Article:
Friday, December 20, 2013

The Ugly

You've probably heard this before, but death is not pretty.  Much like birth it is messy, painful and laborious.  Something we all must go through, and yet in our society, so cloaked in shadow and fear that until you actually are present for the process of death you may not really comprehend it.

When I am lucky, I can remember the good times. Falling in love, raising our babies and sharing our small victories. The richness of two lives woven together, and all of the joy that brought... and still brings, even though there is a huge piece missing.

And then there are other times. Times that come out of nowhere, catch me fully awake as I go about my daily life or hit me as I fall asleep, my mind relaxed enough to let in a barrage of memories I cannot forget.

Blood everywhere.  Being told to buy red or black sheets and towels so that if my husband bled out at some point it would be less scary for our kids.

The gaps between breaths. The SOUND of someone you love struggling to do the one thing we all do effortlessly everyday.

Being handed a sheet of paper and told to make arrangements for the disposal of the body. As if that body wasn't still lying in my living room, struggling through another day.

A friend of mine, who had lost her first husband years earlier, tried to prepare me. "There will be a sound that comes out of you when it happens. You won't even know you are making it." She was right. I screamed that day in a way I never had before, even in the throes of pain so awful I thought I must be ripping apart. It was not a cry, I couldn't do that yet. I didn't make that sound again until 6 months after Jason died and the numbing fog I was in began to clear a little.  It is the sound of pure grief, and it is primal. It is horrifying. It is cleansing.

That is another grief I have had to contend with. I thought, hoped, that surely he would die peacefully.  That I could hold his hand and whisper my love to him and make it somehow easier to let go. Surely,  he deserved that. But it didn't happen that way. And those memories still claw their way to the forefront of my mind and leave me in a panic. They won't stop, but I hope someday they will become less powerful. I hope someday I can use them to help others in the same situation,  even if just a little.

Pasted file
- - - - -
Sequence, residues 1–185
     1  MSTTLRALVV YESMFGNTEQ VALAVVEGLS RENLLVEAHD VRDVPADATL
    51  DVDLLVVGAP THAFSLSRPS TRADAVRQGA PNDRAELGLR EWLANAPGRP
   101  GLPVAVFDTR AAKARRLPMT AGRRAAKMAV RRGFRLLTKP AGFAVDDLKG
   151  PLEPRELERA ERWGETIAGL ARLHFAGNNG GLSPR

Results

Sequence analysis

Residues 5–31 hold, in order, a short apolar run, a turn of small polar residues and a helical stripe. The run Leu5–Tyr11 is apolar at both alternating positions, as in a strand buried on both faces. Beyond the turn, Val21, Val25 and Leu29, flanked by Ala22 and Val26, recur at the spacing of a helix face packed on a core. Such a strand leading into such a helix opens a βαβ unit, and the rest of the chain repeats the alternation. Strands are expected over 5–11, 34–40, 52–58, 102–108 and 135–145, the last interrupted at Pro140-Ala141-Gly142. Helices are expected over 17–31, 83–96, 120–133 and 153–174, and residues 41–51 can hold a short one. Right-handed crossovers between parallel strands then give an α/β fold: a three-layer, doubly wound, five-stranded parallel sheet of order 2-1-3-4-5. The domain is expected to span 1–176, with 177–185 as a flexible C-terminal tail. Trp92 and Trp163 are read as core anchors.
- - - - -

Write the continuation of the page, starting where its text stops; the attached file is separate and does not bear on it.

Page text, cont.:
Tuesday, December 10, 2013


As expected,  this time of year is proving to be... difficult. Even though I have come a long way, healed up a little bit, gotten a little bit stronger... there are moments (who am I kidding... hours, days really) when I am knocked flat on my ass. It becomes hard to breathe, the dark clouds gather above me and every ounce of energy dries up and I'm left exhausted.  Motionless. Despairing. Everything is suddenly TOO MUCH. I hate being alone and yet I can't stand to be around people... especially the ones who love me. I am paranoid... why is everyone staring? What have I done now? How much of my crazy is showing through this carefully constructed facade? Everyone must think I'm stupid, pathetic. Or maybe I'm doing too well... maybe I don't care anymore. The numbness that has become such a familiar companion comes rushing back and even a smile is too hard to fake. Look at me, I'm still going. I'm even happy sometimes. I'm a monster.

I know that isn't true. I'm not fine and I am, at the same time. And that is ok. I can be despondent and sad and angry at the very same time that I feel immense gratitude and joy and comfort. That is the nature of this beast.

Because there is such a delicate balance.  Sometimes I am perfectly level and I stand poised like an amazon warrior and revel in my own strength. Fuck you universe... you won't ever stop me. I can do anything, I am fearless. And other times someone gives me a hug and I crumple, torn and broken and  burning in the fire of my loss... and all I still have left to lose.  I am terrified. And confused.  And confident that I will be ok. That my children will be fine. That I can do this, I can still make my life count. I have so much to give.

I need patience, so much patience and understanding.  Because getting through the funeral and all the hubbub surrounding the first few months? I feel like that is the easy part. There comes a time, months later, when the shock has mostly worn off. When everyone around you, including yourself,  just wants you to get better. When those who love you have just a little less compassion.... and it is totally understandable. When you are expected to carry on. And that is the hard part. When you look normal and you feel mostly ok, but in reality the REALNESS of what has happened becomes concrete. This is it. This is not a movie or a dream. You will not be waking up from this. Nothing will ever be normal again. You know something that other people, people fortunate enough to not have experienced the utter destruction of a life, can't know: you are alone in this. We all are, really. No outside thing, person or place can fix you. Only you can grieve and struggle and hurt and grow. Only you can take a deep breathe and convince the monster in your head that you may be hurting and you may be sad but you are still in charge. You will be the one who decides how this will play out. You will be the one that saves yourself.